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In this sense, researchers and engineers may both be thought about technologists ; the three fields are typically considered as one for the functions of research study and referral. The precise relations in between science and technology, in specific, have been disputed by researchers, historians, and policymakers in the late 20th century, in part due to the fact that the debate can inform the financing of fundamental and used science.
An articulation of this philosophy could be found explicitly in Vannevar Bush's writing on postwar science policy, Science The Limitless Frontier: "New items, new industries, and more tasks require constant additions to understanding of the laws of nature ... This important new understanding can be gotten just through standard clinical research." In the late-1960s, however, this view came under direct attack, leading towards efforts to money science for specific jobs (initiatives withstood by the clinical community).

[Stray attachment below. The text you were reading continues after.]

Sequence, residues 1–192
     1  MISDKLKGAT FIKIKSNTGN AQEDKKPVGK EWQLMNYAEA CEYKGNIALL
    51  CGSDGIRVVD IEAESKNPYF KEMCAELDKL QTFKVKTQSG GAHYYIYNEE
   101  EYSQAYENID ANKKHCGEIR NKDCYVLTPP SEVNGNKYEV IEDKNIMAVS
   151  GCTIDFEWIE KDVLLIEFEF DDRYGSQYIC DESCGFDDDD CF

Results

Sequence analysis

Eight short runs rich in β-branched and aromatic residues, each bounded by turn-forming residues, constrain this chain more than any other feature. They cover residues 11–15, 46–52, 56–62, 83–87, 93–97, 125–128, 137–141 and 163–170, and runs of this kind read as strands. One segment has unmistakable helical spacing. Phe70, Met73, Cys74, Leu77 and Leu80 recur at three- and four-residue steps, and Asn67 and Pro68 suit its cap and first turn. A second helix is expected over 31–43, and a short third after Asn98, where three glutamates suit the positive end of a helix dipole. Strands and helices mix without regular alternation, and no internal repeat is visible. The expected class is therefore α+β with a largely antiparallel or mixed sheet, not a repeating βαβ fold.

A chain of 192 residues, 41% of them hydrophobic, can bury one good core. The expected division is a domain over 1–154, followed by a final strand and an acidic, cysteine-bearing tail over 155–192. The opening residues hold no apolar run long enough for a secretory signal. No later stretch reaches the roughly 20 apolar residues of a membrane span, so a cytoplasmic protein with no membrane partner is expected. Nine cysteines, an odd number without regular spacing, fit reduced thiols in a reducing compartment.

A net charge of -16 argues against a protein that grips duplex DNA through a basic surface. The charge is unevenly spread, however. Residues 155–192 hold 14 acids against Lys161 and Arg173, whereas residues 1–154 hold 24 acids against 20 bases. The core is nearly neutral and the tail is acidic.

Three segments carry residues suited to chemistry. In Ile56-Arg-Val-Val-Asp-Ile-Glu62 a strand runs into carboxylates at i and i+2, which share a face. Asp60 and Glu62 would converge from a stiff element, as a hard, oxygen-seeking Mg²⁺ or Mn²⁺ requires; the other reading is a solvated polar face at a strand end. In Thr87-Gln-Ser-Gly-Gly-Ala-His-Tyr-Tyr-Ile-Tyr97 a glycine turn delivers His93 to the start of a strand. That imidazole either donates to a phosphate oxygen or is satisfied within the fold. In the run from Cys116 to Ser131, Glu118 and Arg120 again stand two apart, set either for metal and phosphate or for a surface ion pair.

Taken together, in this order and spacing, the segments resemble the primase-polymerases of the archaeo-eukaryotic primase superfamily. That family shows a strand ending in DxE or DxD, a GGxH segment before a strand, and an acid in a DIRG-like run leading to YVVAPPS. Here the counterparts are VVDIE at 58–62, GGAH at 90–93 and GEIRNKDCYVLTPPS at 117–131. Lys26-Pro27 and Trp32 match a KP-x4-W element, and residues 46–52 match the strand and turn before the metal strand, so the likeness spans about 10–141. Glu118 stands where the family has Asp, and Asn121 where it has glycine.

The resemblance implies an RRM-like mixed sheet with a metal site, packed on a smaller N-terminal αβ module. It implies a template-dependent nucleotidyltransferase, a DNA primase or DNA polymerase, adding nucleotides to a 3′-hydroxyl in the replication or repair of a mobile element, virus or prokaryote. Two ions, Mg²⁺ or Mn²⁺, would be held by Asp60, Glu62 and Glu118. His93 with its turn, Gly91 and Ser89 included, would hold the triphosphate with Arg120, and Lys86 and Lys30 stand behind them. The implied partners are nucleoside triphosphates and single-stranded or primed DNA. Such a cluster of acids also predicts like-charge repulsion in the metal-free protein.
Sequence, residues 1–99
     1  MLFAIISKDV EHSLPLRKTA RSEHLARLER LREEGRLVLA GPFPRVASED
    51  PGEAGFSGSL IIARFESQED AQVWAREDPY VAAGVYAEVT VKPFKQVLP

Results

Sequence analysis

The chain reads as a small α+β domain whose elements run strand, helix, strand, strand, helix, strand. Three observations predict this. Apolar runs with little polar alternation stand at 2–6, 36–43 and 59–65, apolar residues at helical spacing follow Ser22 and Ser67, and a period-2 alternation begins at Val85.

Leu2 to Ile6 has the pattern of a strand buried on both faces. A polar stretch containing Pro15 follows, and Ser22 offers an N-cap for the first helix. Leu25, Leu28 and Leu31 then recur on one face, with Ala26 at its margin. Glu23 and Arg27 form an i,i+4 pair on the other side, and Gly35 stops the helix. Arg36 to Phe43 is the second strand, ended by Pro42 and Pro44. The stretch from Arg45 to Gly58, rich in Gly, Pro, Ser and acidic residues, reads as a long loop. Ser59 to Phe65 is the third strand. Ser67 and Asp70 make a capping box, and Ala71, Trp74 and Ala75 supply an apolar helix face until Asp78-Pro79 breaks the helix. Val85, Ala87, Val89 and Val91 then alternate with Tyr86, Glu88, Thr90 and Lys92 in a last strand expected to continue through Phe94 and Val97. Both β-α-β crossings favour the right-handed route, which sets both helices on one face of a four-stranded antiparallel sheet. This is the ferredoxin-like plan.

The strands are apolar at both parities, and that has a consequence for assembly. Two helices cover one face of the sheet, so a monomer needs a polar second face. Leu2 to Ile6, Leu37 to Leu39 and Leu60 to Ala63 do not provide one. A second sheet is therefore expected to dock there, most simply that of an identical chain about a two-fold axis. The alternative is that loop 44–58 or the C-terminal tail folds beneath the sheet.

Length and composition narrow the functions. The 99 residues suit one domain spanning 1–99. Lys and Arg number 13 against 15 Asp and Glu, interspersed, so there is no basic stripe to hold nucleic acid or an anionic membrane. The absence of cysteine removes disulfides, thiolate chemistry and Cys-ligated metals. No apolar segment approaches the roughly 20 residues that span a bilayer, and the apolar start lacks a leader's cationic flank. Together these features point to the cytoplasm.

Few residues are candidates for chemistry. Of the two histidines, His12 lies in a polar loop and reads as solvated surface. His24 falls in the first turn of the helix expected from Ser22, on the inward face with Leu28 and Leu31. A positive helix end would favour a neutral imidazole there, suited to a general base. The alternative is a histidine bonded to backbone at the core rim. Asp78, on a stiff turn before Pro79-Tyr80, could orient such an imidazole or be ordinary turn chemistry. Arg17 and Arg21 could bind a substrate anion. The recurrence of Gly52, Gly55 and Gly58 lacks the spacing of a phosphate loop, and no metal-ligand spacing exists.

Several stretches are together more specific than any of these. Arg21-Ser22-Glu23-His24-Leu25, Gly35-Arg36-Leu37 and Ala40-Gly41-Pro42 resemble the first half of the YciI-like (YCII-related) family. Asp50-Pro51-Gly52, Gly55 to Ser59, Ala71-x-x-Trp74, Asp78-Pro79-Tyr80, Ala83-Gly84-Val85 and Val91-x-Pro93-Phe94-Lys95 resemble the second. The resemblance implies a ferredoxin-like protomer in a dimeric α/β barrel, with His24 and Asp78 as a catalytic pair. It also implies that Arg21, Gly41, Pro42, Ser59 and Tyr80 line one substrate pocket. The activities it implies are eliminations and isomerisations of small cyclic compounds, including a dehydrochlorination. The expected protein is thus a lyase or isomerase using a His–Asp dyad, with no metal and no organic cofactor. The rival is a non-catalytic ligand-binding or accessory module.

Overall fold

History Paleolithic (2. 5 Ma 10 ka) Using tools by early humans was partially a procedure of discovery and of evolution. Early humans evolved from a types of foraging hominids which were already bipedal, with a brain mass around one third of contemporary humans. Tool usage remained reasonably unchanged for many of early human history.
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Stone tools A campfire, typically used to prepare food Hominids started using primitive stone tools countless years ago. The earliest stone tools were bit more than a fractured rock, but roughly 75,000 years ago, pressure flaking supplied a way to make much finer work. Fire The discovery and usage of fire, an easy energy source with numerous extensive uses, was a turning point in the technological development of mankind.
Fire, fueled with wood and charcoal, enabled early human beings to cook their food to increase its digestibility, improving its nutrient value and broadening the variety of foods that might be eaten. Clothing and shelter Other technological advances made during the Paleolithic era were clothes and shelter; the adoption of both innovations can not be dated precisely, but they were an essential to mankind's development.